# What is Dynamic Programming?

Dynamic Programming is a method of problem-solving where you breakdown the problems into smaller subproblems, similar to the original problem. It may or maynot use recursion.

For example, the pet question to apply DP can be to get the nth term of the Fibonacci Series; By definition, F(n) = F(n-1) + F(n-2)

```
## recursive function
def fibonacci(n):
if n == 1: return 1
if n == 2: return 1
else: return fibonacci(n-1) + fibonacci(n-2)
# print 50th term
print( fibonacci(50) )
```

If I tabulate the iterations:

calling-function | dependency | dependency |
---|---|---|

fib(50) | fib(49) | fib(48) |

fib(49) | fib(48) | fib(47) |

fib(48) | fib(47) | fib(46) |

fib(47) | fib(46) | fib(45) … and so on |

Notice how fib(48), fib(47)… are all repeated? Well, that’s redundant. We can reduce this redundancy by saving the computed values in a lookup table. This saving of results, is known as **Memoization**

```
## recursive function
def fibonacci(n):
if n == 1: return 1
if n == 2: return 1
if n in lookup: return lookup[n]
else:
result = fibonacci(n-1) + fibonacci(n-2)
lookup[n] = result
return result
lookup = {}
# print 50th term
print( fibonacci(50) )
```

# How is it different from Divide and Conquer?

Divide and Conquer algorithms like split a problem into smaller problems, solve each of them and **combine** the results. Dynamic Programming on the other hand is used to solve problems with **overlapping subproblems**, for example, like in the Fibonacci term computation explained earlier, where the same subproblem was required multiple times.

# How to know if a problem can be solved with DP?

DP Problems usually have the following characteristics:

- For optimization problems, with a focus on arrangement or ordering of the elements
- They can be broken down into subproblems which as similar to the main problem
- The global optimum found using DP will usualy be more efficient and better than those found by typical heuristics

# Linear Partition Problem (work-in-progress)

This problem has been described in Steven Skiena, and took me no less than 3 hours to get my head around. Hence, the **attempt** to explain it…

## Problem Statement:

Suppose the job scanning through a shelf of books is to be split between k workers. To avoid the need to rearrange the books or separate them into piles, we can divide the shelf into k regions and assign each region to one worker. What is the fairest way to divide the shelf up?

The first thing to understand is the ‘fairest’ way to divide the shelf up. The fairest way would be when all partitions are as close as possible to the sum of all pages divided equally amongst the workers.

Let’s start with a fair solutions - say there are 300 pages, and 3 workers.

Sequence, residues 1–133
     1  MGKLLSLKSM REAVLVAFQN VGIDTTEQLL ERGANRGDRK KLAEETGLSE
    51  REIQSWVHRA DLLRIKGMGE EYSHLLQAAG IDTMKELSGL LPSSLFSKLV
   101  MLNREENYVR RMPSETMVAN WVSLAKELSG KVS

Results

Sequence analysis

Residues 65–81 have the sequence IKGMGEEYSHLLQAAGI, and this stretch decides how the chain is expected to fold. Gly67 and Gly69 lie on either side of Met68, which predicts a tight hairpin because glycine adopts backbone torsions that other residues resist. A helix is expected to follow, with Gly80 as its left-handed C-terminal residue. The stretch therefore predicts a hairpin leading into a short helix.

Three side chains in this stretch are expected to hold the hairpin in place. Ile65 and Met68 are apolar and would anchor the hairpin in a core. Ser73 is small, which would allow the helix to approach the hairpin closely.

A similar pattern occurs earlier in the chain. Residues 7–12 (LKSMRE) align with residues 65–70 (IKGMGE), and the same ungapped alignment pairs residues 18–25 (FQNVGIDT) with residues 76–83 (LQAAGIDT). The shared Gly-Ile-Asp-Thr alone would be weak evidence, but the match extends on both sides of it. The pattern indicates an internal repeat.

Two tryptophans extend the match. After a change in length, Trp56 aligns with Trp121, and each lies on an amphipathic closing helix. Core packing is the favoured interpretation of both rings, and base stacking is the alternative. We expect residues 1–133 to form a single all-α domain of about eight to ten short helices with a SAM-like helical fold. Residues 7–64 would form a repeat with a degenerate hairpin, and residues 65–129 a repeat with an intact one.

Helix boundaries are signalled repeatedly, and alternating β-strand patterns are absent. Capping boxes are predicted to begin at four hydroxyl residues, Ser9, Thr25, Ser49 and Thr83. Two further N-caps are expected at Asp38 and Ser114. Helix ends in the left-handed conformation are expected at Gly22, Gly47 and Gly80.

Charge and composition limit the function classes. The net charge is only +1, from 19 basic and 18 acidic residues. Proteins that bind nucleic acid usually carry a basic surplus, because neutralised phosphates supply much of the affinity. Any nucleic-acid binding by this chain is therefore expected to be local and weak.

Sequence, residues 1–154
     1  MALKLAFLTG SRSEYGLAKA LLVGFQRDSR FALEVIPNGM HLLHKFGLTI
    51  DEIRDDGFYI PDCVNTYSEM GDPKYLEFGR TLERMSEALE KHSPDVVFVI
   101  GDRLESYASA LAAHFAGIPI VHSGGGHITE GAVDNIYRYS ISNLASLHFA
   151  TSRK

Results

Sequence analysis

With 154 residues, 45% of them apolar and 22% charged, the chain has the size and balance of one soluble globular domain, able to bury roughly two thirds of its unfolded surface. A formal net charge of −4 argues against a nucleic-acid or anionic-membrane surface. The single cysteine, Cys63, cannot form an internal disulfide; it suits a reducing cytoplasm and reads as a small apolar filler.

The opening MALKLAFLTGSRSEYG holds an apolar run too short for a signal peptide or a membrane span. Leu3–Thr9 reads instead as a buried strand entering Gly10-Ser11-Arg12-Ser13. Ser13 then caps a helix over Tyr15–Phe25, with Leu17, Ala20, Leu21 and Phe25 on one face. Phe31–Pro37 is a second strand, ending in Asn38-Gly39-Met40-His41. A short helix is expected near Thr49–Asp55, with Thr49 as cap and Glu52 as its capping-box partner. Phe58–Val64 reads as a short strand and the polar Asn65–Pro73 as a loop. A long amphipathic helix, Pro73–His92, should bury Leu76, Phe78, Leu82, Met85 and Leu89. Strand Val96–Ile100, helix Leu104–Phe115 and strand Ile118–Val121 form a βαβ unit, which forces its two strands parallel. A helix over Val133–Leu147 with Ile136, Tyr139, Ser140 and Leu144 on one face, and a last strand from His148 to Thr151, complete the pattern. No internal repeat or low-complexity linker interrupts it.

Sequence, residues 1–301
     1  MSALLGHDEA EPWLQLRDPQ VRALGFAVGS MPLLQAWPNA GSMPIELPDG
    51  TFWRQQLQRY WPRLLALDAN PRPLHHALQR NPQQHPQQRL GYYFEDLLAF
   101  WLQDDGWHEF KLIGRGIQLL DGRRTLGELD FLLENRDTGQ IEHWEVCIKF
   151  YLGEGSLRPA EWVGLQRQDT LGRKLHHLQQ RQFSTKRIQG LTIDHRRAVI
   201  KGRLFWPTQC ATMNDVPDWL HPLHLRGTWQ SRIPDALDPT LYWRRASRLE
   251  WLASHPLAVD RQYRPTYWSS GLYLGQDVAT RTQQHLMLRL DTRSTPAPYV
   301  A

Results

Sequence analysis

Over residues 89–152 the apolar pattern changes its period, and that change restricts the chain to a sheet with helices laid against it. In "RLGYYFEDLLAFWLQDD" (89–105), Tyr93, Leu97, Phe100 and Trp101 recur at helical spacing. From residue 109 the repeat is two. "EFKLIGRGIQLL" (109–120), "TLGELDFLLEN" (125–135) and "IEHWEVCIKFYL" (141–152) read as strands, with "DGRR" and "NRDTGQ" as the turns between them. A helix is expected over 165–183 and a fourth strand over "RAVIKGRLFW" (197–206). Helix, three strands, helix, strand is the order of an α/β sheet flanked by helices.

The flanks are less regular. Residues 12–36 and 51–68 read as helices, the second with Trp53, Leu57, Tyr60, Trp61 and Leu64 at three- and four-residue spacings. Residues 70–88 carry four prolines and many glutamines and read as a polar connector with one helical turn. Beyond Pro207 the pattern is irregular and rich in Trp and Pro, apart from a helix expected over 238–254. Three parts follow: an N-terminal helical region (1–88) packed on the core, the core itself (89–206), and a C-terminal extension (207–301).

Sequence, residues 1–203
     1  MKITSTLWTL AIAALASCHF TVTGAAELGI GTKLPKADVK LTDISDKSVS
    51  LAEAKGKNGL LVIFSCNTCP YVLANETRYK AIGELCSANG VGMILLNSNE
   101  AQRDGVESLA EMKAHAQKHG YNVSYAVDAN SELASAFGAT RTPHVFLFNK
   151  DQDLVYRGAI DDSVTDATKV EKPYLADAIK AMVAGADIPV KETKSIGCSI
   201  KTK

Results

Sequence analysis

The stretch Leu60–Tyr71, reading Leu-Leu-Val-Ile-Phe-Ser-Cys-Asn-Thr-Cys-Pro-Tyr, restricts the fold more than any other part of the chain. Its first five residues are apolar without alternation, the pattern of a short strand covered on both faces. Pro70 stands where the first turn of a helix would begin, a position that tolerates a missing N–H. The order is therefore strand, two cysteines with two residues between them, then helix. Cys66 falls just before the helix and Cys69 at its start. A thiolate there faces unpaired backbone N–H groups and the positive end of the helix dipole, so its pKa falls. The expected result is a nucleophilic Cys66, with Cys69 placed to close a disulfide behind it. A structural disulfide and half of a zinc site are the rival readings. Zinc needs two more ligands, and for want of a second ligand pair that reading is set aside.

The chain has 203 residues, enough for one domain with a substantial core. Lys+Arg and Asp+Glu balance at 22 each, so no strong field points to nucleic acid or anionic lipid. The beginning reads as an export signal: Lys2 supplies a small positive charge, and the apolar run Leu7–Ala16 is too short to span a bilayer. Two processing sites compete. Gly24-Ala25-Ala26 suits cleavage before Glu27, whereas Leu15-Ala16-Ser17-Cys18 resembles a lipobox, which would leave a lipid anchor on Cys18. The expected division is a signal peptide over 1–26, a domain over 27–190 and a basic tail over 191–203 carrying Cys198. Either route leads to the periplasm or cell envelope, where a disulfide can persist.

Solution | Partition A | Partition B | Partition C | Average | max | min |
---|---|---|---|---|---|---|

Fairest | 100 | 100 | 100 | 100 | 100 | 100 |

Less Fair | 101 | 100 | 99 | 100 | 101 | 99 |

Least Fair | 120 | 110 | 70 | 100 | 120 | 70 |

Now, the criteria of evaluation would be to check how much further from the average are each of the partition assignments. However, the constraint that the total sum of pages is constant means that if one partition is say 50 more from the average, it would pull the other two away by a sum of 50 pages from the average, to keep the total number of pages the same. Hence, if the largest partition is smaller, the amount of deviation of the other partitions is also smaller.

So, this problem can be redescribed as - partition the set of books in such a way, maximum of the partitions is the minimum of all solutions available, i.e, if each partition is pln_n, we need to find - min ( max(pln_1), max(pln_2), max(pln_3) .. )

Dynamic Programming is a systematic approach that evaluation all possible options;

Say the books have the following number of pages: S1 S2 S3 S4 S5 S6 S7 S8

Let the initial problem be - P(8, 3) i.e 8 elements with 3 partitions, which return the maximum of the partitions of the solution.

And we put our first partition after S1 …

S1 | S2 S3 S4 S5 S6 S7 S8 |

There are two options now - either our optimum solution has a partition after S1 or… it doesn’t.

Case 1: Our optimum solution has a partition after S1. Now S2, S3… S8, need to be divided by k-1 partitions in such a way, that the maxmimum of those partitions is minimum …. which is exactly the problem we are trying to solve - but with lesser elements and lesser partitions i.e P(7, 2)

Case 2: Our optimum solution doesn’t have a partition after S1. So, we look at the next solution, we might have a partition after S2. And again this reduces to the same problem as the original problem - P(5, 2)

.. This goes on progressively till we reach the end of where the first partition might be placed.

Now, we need the minimum of Case 1 and Case 2

min ( P(7, 2), P(6, 2), P(5, 2) .. )

# Questions

```
# wip
def mt(s, st=0):
if len(s) == 0:
return 0
min_time = []
final = None
if not (lookup[st] == None):
return lookup[st]
elif len(s) < 4:
final = s[0]
else:
a = mt(s[1:], st+1)
b = mt(s[2:], st+2)
c = mt(s[3:], st+3)
final = s[0] + min(a, b, c)
lookup[st] = final
return final
for test in range(12):
days = input("Enter days")
inp = input("Enter sequence")
seq = [ int(z) for z in inp.split() ]
lookup = [None]*len(seq)
mt(seq)
print(min(lookup[0:3]))
```

# Resources

- The Algorithm Design Manual - Steven Skiena